Durbin: Illinois Agency Should Take Action Against Westwood College Calls on approving agency to make criminal justice program - under investigation by Illinois AG - ineligible for federal GI Bill funds
As the agency tasked with approving schools and education programs to participate in the GI bill program, veterans rely on state approving agencies for assurance of the integrity of the school they attend.
The State Attorney General recently filed lawsuit against Westwood College for engaging in deceptive practices that left Chicago area students with up to $70,000 each in debt for degrees that failed to qualify them for careers in criminal justice. The lawsuit alleges that Westwood marketed its criminal justice program by falsely convincing students the program would allow them to pursue a law enforcement career with agencies such as the Chicago Police Department, Illinois State Police and suburban police departments. Those employers don’t recognize the criminal justice degree from Westwood because Westwood lacks regional accreditation. Many students learned only after graduation—and after accumulating thousands in student loan debt—that their degrees would not land them the law enforcement jobs they originally sought.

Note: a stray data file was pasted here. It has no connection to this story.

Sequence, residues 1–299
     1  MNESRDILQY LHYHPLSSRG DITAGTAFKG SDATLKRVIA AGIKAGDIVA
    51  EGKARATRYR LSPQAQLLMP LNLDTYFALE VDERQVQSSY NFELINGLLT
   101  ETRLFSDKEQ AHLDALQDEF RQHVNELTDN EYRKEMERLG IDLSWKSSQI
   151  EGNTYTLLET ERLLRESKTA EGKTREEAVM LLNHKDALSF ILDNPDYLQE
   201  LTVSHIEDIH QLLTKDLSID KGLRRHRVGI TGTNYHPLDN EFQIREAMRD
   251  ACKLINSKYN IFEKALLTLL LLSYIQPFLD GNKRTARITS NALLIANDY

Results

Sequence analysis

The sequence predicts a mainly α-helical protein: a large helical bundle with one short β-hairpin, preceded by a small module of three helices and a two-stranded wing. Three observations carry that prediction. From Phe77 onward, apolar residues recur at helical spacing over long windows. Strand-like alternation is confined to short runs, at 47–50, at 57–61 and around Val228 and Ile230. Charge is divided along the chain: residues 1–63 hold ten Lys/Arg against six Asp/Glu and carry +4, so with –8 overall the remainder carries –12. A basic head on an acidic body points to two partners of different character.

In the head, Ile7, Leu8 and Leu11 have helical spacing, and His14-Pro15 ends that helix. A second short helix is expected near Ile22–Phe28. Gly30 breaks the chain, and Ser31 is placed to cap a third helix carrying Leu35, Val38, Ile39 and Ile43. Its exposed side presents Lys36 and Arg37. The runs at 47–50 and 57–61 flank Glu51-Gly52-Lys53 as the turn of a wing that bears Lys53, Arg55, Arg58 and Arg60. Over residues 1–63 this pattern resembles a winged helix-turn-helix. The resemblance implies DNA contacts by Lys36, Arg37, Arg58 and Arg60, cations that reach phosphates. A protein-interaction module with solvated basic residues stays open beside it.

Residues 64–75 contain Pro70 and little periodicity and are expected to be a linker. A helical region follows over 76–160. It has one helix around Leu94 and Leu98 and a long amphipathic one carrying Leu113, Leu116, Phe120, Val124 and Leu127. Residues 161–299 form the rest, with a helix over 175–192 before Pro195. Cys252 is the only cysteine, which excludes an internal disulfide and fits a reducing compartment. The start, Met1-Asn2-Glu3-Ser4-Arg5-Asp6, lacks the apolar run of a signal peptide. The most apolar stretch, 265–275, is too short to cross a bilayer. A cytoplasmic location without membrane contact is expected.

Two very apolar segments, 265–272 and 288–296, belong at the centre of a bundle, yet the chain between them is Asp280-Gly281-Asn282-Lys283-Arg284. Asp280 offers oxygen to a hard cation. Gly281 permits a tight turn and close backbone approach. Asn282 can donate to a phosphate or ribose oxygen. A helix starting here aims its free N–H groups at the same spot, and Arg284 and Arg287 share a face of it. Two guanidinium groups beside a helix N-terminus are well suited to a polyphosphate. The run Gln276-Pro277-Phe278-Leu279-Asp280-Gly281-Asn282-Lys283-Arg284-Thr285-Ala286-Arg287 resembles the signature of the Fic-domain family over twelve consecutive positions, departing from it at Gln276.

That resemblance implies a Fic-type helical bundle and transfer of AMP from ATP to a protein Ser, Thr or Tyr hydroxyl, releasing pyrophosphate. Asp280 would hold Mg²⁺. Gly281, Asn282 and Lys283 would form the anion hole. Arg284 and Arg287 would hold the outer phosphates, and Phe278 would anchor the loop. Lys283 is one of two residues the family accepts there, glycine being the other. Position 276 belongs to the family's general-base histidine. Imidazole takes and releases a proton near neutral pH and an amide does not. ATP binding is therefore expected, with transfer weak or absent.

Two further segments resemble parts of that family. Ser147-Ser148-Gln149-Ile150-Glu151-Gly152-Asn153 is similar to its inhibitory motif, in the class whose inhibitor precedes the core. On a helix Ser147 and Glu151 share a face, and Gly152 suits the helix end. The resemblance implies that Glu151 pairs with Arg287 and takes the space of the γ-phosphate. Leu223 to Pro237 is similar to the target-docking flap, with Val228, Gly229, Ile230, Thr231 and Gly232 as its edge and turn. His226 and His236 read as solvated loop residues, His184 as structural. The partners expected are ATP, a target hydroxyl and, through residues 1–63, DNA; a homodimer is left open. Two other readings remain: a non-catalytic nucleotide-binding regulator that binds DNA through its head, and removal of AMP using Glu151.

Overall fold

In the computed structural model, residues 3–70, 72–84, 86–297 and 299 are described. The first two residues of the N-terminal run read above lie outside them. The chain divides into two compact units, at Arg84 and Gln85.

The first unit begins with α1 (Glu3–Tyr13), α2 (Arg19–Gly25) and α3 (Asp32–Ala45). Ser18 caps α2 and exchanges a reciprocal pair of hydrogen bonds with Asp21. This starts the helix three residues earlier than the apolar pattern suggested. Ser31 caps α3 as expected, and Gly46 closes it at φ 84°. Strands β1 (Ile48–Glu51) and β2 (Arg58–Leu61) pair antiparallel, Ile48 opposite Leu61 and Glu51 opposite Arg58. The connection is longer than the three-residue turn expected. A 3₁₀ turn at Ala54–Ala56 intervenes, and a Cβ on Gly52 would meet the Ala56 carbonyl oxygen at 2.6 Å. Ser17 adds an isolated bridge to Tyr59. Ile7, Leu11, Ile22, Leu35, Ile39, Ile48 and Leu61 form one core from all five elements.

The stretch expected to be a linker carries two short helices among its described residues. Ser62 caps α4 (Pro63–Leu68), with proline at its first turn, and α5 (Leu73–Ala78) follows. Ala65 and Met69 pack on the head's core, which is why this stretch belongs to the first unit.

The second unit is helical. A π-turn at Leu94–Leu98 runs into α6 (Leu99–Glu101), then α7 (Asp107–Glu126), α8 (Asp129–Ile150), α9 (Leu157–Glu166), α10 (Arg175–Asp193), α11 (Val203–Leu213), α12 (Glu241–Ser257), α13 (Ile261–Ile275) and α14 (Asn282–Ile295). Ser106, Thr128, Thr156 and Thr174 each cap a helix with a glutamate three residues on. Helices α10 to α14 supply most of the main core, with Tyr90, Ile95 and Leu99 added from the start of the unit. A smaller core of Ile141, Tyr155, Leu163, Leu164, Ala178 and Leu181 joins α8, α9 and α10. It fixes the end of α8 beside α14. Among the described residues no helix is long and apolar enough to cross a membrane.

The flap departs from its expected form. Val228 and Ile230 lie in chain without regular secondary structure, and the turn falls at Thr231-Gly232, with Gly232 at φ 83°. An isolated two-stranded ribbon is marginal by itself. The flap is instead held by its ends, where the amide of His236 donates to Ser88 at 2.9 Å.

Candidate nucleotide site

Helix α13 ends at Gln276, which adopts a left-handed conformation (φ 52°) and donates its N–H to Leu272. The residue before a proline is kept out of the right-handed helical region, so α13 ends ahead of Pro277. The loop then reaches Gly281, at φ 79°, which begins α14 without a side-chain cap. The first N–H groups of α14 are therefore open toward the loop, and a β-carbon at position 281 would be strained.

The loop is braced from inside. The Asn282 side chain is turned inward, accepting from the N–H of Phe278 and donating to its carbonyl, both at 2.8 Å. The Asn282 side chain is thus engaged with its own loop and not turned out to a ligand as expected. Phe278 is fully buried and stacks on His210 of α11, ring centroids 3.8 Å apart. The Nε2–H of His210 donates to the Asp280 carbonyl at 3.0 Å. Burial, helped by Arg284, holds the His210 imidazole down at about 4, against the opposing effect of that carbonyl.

Although the Attorney General’s lawsuit is not yet settled, the seriousness of the allegations merit immediate action to protect prospective students from the same fate that has befallen too many Westwood students already.
Providing veterans with education benefits makes sense when we can ensure that veterans are receiving a quality education, but we cannot afford to spend limited federal dollars for poor quality programs at schools that overpromise and underperform. The Illinois state approving agency is well positioned to provide assurance to taxpayers and students in Illinois that GI bill benefits are only going to institutions of quality and rigor that are likely to produce good outcomes for veterans.
I look forward to working with you to guarantee a high-quality education for all our veterans.